This particular 'edition' of Venue Spotlight is an odd one - we've chosen a venue that has only put on a single gig. However, we were so impressed with Jack and the Portland House team's endeavours to take a Grade II listed banking hall built in the 20s and repurpose it as one of the last surviving places to see contemporary live music in Cardiff Bay, we couldn't ignore it.
See below for an insight into how new venues get off the ground, visiting topics as diverse as Doctor Who, Lee Scratch Perry, the 'Cardiff Bay venue graveyard', Brooklyn Lager and Glastonbury along the way.
Details of Portland House's next show are here. Do head along if you're based in South Wales and are excited by cutting-edge music in an unusual setting.
- Portland House, 113-116 Bute Street, Cardiff
- Capacity: 700
- One-off shows every few months, but this is due to increase!
When was the venue first established?
The venue has long been a feature of the area as it was built in the 1920's. However it was first opened as a bank to facilitate the financial side of the coal industry which was a huge source of commerce in the area until the . It remained in and out of use for several years until our team took over in 2012 and saw the huge potential in events in what is such an incredibly ornate and beautiful space.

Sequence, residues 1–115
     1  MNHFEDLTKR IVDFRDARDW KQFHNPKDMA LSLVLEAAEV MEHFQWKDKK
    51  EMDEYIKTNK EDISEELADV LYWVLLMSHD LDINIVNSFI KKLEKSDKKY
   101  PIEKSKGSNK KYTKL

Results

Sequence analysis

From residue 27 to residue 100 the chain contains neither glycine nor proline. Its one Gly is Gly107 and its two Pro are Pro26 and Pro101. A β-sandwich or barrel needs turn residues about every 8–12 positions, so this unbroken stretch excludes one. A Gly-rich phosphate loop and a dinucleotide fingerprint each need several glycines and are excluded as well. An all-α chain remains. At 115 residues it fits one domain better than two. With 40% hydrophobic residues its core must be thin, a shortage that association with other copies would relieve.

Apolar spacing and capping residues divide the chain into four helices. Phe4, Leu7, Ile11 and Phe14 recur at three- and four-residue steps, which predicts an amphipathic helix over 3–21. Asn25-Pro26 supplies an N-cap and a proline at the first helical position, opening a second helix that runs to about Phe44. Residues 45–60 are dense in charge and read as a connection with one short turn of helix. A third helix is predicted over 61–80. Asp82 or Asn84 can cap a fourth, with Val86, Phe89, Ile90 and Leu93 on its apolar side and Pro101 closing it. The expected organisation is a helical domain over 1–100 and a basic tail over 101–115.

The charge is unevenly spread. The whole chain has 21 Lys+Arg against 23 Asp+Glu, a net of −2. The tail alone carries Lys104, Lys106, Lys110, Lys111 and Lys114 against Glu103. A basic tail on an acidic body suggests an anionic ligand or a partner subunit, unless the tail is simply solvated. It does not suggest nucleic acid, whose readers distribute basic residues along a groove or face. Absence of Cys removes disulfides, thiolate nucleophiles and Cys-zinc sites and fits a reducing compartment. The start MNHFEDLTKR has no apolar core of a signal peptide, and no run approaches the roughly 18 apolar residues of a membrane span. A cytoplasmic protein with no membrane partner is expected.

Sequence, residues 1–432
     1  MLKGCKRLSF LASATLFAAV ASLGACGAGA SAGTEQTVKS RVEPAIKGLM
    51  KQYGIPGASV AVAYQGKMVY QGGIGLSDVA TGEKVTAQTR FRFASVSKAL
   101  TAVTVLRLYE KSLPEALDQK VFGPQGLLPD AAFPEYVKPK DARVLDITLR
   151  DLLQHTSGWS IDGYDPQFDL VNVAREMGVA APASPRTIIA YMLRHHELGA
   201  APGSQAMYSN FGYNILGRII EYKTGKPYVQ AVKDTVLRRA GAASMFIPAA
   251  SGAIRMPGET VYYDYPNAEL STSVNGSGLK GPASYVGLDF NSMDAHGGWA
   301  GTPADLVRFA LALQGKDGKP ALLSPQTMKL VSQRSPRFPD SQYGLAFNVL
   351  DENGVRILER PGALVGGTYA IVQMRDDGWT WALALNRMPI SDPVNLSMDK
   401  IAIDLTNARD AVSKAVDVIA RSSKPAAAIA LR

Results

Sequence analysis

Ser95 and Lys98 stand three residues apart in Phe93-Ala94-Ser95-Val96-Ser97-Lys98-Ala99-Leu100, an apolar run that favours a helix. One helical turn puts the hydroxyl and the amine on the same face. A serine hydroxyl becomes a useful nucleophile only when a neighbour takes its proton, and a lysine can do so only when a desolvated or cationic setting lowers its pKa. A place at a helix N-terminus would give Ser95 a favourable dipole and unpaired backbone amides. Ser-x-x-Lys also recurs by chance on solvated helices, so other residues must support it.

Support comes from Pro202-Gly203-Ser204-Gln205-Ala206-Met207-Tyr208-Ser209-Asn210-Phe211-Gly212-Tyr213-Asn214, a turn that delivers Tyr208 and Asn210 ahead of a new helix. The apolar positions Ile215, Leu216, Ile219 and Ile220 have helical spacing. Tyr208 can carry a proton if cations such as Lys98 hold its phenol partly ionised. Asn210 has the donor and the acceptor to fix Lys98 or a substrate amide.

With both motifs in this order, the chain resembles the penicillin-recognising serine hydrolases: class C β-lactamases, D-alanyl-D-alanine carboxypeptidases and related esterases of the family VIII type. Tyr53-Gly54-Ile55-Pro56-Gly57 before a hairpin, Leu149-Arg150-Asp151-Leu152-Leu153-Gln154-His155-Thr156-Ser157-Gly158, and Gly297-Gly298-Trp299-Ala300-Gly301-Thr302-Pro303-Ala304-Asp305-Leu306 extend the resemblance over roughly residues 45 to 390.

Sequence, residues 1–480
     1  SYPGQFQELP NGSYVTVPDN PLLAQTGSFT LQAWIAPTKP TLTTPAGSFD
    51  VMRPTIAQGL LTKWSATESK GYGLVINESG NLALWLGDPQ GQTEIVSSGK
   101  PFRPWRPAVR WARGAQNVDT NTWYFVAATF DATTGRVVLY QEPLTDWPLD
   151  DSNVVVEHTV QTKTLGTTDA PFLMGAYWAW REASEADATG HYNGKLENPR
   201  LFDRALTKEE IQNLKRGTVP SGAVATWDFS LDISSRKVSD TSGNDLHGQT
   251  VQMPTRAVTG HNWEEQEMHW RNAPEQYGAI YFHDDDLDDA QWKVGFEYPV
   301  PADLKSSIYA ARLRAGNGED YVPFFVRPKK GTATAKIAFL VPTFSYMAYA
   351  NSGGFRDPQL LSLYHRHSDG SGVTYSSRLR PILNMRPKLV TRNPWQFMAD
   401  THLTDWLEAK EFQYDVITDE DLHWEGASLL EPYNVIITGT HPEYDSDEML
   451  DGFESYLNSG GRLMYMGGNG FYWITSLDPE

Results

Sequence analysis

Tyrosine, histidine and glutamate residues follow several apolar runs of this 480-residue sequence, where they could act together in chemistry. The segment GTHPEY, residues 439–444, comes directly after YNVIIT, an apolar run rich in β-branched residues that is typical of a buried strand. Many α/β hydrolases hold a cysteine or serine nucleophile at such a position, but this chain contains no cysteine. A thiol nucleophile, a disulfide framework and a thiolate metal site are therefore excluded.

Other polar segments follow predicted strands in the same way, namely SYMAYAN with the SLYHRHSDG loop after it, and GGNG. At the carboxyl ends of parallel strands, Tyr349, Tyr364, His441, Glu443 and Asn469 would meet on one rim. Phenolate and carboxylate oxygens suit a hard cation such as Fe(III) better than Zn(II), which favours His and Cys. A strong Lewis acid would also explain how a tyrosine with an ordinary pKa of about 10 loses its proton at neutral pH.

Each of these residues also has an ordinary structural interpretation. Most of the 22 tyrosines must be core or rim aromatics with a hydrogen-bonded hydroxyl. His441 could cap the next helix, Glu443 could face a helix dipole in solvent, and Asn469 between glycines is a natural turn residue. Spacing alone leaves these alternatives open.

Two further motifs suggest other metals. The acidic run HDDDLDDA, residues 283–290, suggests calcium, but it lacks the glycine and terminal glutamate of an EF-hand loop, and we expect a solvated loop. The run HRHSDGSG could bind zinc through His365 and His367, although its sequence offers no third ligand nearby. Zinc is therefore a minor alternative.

Has the venue gone through any major changes since it opened (location, renovation, style of music etc)?
Since the venue was very much a shell when we took over and wasn't in the greatest condition we have had undergo some refurbishment. Most notably we have added an awesome lounge bar and restored the original parquet floor.
Which artist that's performed at your venue has gone on to be the best known?
Our only gig to date has been with dub and reggae pioneer Lee Scratch Perry. However it is a little late in the day to claim that his success was down to us! Our next show however is with Owen Pallett for whom our events team have put on shows with at different venues in the past. He has really hit the dizzying heights of fame of late having performed with Arcade Fire at last year's headline Glastonbury performance, been nominated for an Oscar and worked with the likes of Last Shadow Puppets and Taylor Swift.